9. Touch Sensitive - “Veronica”

The neon-streaked days of roller rinks and turtlenecks, leg warmers and popped polo collars have come and gone, but you wouldn't think so listening to Michael "Touch Sensitive" Di Francesco's dazzling debut Visions. The Sydney-based DJ/producer's long-awaited LP and its lead single "Lay Down", which shot to the top of the Hype Machine charts, are as retro-gazing as they are distinctly modern, with nods to everything from nu disco to slo-mo house.

Featuring a sample lifted from 90s DJ and producer Paul Johnson's "So Much (So Much Mix)," the New Jack-kissed "Veronica" owns the dance floor. While the conversational interplay between the sexed-up couple is anything but profound, there is no denying its charms, however laughably awkward. While not everything on Visions is as instantly arresting, it is a testament to Di Francesco's talents that everything old sounds so damn fresh again.

8. Gourmet - “Delicious”

Neither Gourmet's defiantly eccentric, nine-track debut Cashmere, nor its subsequent singles, "There You Go" or "Yellow" gave any indication that the South African purveyor of "spaghetti pop" would drop one of the year's sassiest club tracks, but there you have it. The Cape Town-based artist, part of oil-slick, independent label 1991's diminutive roster, flagrantly disregards expectation on his latest outing, channeling the Scissor Sisters at their most gloriously bitchy best, Ratchet-era Shamir, and the shimmering dance-pop of UK singer-producer Joe Flory, aka Amateur Best.

With an amusingly detached delivery that rivals Ben Stein's droning roll call in Ferris Bueller's Day Off , he sings "I just want to dance, and fuck, and fly, and try, and fail, and try again…hold up," against a squelchy bass line and stabbing synths. When the percussive noise of what sounds like a triangle dinner bell appears within the mix, one can't help but think that Gourmet is simply winking at his audience, as if to say, "dinner is served."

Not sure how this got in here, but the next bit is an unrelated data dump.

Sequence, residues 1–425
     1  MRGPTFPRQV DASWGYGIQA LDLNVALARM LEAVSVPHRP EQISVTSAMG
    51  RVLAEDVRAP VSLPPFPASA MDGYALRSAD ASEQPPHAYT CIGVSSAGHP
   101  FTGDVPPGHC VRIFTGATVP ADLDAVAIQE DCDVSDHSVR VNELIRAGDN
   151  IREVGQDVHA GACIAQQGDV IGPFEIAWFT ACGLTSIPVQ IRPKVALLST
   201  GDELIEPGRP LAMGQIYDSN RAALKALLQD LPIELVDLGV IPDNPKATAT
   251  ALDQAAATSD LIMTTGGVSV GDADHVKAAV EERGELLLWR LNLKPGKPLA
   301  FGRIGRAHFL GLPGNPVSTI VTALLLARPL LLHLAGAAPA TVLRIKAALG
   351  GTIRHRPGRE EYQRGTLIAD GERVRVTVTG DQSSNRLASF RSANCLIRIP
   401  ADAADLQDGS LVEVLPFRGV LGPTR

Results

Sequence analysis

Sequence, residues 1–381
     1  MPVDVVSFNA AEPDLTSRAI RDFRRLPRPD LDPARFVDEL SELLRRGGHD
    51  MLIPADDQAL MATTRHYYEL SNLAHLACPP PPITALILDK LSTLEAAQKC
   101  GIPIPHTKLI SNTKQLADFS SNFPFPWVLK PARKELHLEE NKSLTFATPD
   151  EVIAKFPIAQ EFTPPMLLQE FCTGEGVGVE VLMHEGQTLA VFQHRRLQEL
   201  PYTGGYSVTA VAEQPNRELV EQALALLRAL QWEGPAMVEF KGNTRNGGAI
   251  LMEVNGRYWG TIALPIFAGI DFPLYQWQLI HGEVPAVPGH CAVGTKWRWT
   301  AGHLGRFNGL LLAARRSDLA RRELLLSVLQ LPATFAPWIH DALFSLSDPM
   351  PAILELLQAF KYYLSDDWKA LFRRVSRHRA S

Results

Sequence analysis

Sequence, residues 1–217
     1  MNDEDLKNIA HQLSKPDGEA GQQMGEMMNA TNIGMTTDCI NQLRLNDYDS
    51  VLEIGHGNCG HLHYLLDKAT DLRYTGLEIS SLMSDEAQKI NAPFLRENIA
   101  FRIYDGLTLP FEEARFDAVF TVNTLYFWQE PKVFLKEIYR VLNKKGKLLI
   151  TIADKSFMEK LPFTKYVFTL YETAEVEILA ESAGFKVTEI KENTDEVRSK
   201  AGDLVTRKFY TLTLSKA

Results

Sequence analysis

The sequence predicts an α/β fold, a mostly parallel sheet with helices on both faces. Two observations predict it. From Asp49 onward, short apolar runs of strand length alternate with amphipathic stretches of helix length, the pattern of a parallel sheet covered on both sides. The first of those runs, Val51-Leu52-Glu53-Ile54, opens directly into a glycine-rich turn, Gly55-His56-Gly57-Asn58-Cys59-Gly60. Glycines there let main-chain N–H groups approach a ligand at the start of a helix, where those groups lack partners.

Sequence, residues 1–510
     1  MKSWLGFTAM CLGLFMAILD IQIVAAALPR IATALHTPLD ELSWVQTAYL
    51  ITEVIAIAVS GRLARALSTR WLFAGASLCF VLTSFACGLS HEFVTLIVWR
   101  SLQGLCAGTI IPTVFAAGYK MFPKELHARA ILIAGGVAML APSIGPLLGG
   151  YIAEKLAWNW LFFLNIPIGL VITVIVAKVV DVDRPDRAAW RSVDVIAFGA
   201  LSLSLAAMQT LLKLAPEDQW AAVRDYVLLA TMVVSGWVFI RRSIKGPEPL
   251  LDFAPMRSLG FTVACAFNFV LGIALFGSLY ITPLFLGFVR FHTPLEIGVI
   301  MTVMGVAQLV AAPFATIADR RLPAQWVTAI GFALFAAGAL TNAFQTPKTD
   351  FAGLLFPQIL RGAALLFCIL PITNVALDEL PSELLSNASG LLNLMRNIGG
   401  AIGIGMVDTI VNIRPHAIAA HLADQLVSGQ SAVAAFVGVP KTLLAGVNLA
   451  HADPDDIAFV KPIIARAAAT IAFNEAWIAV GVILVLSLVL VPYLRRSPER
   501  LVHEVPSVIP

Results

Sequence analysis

7. Pouvoir Magique - “Chalawan”

Like a psychoactive ayahuasca brew, the intoxicating "shamanic techno" of Parisian duo Pouvoir Magique's LP Disparition, is an exhilarating trip into unfamiliar territory. Formed in November of 2011, "Magic Power" is the musical project of Clément Vincent and Bertrand Cerruti, who over the years, have cleverly merged several millennia of songs from around the world with 21st-century beats and widescreen electro textures. Lest ye be worried, this is anything but Deep Forest.

In the spring of 2013, Pouvoir Magique co-founded the "Mawimbi" collective, a project designed to unite African musical heritage with contemporary soundscapes, and released two EPs. Within days of launching their label Musiques de Sphères, the duo's studio was burglarized and a hard drive with six years of painstakingly curated material had vanished. After tracking down demos they shared with friends before their final stages of completion, Clément and Bertrand reconstructed an album of 12 tracks.

Unfinished though they might be, each song is a marvelous thing to behold. Their stunning 2016 single "Eclipse," with its cinematic video, might have been one of the most immediate songs on the record, but it's the pulsing "Chalawan," with its guttural howls, fluttering flute-like passages, and driving, hypnotic beats that truly mesmerizes.

6. Purple Disco Machine - “Body Funk” & “Devil In Me” (TIE)

Whenever a bevy of guest artists appears on a debut record, it's often best to approach the project with caution. 85% of the time, the collaborative partners either overshadow the proceedings or detract from the vision of the musician whose name is emblazoned across the top of the LP. There are, however, pleasant exceptions to the rule and Tino Piontek's Soulmatic is one of the year's most delightfully cohesive offerings. The Dresden-born Deep Funk innovator, aka Purple Disco Machine, has risen to international status since 2009, releasing one spectacular track and remix after another. It should go without saying that this long-awaited collection, featuring everyone from Kool Keith to Faithless and Boris D'lugosch, is ripe with memorable highlights.

The saucy, soaring "Mistress" shines a spotlight on the stellar pipes of "UK soul hurricane" Hannah Williams. While it might be a crowning moment within the set, its the strutting discofied "Body Funk", and the album's first single, "Devil In Me", that linger long after the record has stopped spinning. The former track with its camptastic fusion of '80s Sylvester gone 1940s military march, and the latter anthem, a soulful stunner that samples the 1968 Stax hit "Private Number", and features the vocal talents of Duane Harden and Joe Killington, feels like an unearthed classic. Without a doubt, the German DJ's debut is one of the best dance records of the year.